Saturday, January 14, 2012

"Downton Abbey" Obsessions

The PBS series is becoming the “West Wing” and “Sopranos” of the century’s second decade, mirroring Americans’ longing for escape from the Obama and Tea Party era as surely as its predecessors reflected a desire for a more human society, high and low, during George W. Bush’s time.

As second season ratings soar, what is “Downton Abbey” telling us about ourselves?

In midlife, a dozen friends and I hired a small bus with a guide to tour England’s stately homes. After a week, the obscene grandeur of those palaces with huge tapestries of ancestors who had earned them by slaughtering enemies of royalty and passed them down to generations living in unearned luxury while countless others toiled away their lives below stairs made me homesick for America, where Adams, Franklin and Jefferson had resisted replicating such a society here, even as it took them a century and a war to stop enslaving a whole race.

Now “Downton Abbey” arrives to enchant an ambivalent Anglophile, who in the 1930s and 40s, grew up on Hollywood’s version of England in what John Updike called “those gargantuan, crass contraptions whereby Jewish brains project Gentile stars upon a Gentile nation and out of the immigrant joy gave a formless land dreams and even a kind of conscience.”

The movie moguls brought over Greer Garson, Ronald Colman, Cary Grant, Madeleine Carroll, Leslie Howard, David Niven, Deborah Kerr and Sir Cedric Hardwicke, among a colony of British actors, to people our imaginations with role models of how civilized people behave.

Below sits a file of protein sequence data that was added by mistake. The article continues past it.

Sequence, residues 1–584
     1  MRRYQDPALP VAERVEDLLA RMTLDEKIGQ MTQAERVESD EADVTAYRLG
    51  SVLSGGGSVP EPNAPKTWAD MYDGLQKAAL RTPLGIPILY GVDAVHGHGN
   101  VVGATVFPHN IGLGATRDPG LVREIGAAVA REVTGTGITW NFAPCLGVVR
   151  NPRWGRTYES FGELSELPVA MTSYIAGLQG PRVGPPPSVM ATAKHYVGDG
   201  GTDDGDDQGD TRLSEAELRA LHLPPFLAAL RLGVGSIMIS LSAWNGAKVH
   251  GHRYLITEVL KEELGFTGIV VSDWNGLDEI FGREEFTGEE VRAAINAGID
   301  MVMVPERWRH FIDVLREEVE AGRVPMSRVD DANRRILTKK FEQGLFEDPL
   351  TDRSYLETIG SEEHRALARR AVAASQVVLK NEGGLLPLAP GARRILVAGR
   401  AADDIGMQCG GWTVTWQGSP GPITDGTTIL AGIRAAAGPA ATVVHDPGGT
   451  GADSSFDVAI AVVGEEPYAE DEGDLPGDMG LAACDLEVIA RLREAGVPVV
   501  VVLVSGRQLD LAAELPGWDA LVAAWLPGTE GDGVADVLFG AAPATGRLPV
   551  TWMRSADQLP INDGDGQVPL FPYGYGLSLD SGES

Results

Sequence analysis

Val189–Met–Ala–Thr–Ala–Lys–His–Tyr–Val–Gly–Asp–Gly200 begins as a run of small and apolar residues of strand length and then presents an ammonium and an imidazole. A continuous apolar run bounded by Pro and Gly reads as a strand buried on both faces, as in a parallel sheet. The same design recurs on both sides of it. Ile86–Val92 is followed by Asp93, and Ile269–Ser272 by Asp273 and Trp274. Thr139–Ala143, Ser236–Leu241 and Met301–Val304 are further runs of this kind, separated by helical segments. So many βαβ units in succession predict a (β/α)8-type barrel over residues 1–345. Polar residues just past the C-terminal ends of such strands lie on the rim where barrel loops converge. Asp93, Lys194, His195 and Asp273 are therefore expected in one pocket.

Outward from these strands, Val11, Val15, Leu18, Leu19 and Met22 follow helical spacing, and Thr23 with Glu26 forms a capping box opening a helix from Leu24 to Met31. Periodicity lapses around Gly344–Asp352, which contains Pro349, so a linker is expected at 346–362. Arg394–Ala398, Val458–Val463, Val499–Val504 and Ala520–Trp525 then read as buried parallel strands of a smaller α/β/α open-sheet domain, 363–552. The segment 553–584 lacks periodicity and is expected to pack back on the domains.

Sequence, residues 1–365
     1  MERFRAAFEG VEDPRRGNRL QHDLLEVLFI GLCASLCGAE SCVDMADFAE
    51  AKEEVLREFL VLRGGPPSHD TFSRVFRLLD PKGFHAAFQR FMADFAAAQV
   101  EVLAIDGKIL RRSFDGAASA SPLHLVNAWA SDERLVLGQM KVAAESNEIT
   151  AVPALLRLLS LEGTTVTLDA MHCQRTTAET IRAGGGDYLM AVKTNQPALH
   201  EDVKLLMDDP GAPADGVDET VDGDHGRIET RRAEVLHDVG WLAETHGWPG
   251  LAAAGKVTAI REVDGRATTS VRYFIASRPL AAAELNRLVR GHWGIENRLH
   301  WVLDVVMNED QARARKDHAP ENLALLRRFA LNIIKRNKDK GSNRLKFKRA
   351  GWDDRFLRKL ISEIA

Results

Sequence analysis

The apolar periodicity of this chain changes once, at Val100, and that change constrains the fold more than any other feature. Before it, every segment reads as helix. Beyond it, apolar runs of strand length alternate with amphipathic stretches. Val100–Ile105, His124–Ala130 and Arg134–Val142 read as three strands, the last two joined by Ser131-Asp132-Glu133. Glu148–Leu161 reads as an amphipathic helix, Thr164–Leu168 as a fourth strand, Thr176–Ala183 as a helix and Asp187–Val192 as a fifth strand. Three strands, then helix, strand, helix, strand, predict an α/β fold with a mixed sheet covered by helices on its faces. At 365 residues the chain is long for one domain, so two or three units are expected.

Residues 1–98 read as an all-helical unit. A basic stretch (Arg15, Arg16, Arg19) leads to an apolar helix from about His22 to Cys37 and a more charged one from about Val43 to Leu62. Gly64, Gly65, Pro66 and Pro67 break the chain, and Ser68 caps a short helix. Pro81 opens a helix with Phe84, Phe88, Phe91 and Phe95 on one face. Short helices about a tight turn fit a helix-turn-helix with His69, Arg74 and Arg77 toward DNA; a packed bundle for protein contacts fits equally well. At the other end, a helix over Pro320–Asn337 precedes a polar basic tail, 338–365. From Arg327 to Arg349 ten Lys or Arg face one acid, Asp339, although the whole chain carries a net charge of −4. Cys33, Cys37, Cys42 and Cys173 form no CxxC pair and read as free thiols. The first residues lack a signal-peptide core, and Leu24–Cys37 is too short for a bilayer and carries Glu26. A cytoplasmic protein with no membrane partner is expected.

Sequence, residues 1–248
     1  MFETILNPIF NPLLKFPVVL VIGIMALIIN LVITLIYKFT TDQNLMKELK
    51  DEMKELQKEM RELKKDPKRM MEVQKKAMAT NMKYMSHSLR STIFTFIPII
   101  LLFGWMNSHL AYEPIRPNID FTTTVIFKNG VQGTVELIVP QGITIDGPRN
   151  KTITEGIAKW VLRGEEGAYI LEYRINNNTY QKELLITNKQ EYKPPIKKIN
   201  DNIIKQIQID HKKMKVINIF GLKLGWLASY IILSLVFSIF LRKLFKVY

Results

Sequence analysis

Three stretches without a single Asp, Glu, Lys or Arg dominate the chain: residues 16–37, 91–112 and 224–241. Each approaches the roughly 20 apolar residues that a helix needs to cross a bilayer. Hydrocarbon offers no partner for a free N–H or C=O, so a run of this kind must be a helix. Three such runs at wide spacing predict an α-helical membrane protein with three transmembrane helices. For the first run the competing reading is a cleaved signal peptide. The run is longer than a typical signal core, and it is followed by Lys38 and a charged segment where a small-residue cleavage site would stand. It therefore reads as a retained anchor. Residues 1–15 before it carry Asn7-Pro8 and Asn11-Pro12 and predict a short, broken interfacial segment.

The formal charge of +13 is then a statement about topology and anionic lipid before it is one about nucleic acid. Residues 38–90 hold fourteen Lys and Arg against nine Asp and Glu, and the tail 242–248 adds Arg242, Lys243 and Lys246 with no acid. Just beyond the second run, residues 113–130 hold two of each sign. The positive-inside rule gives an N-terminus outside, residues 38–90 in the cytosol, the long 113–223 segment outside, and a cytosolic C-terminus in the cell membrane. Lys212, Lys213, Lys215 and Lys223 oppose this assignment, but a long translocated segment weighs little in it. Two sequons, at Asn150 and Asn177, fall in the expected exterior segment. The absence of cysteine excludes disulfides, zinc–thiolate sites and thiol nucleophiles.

Decades later, American are more sophisticated but, in hard economic and political times, apparently hunger again for a world of order where decent people (mostly) struggle with their humanity. At the time “Downton Abbey” starts, E. M. Forster had just published “Howard’s End,” a novel in which a 20th century middle class was changing his country with motor cars and commerce.

“Only connect” was Forster’s theme: “Only connect the prose and the passion and both will be exalted, and human love will be seen at its height. Live in fragments no longer.”

The world of “Downton Abbey” is certainly breaking apart in the days before World War I in a swirl of uncertainty above and below stairs about inheritance of the estate, intermingled with issues of love, marriage and ambition that affect everyone.

That Julian Fellowes has drawn us into their world so deeply is a tribute to his talent as “The Sopranos” was to David Chase and “The West Wing” to Aaron Sorkin—-the humane but outdated Lord Grantham in a losing struggle to hold his world together; his beautiful, headstrong and confused daughters; the almost masochistically noble valet Bates and the heartstrong housemaid Anna who loves him unconditionally; even the selfish schemers, O’Brian and Thomas, have dimension and complexity.

“Downton Abbey” is now assured of a third season next year, and one of the characters, Maggie Smith as the dowager countess, gives us some clues about where all these people may be heading.

In Fellowes’ script for Robert Altman’s "Gosford Park” (2001), Dame Maggie appeared, playing a similar role, but the mood of that manor house movie set in the 1930s, two decades later, is much darker than “Downton” with most of the characters upstairs and down self-seeking and dishonorable and, when the vile host is murdered, hardly anyone cares.

Meanwhile, we can all live at “Downton Abbey” now, and even newcomers can catch up with past episodes online and luxuriate.

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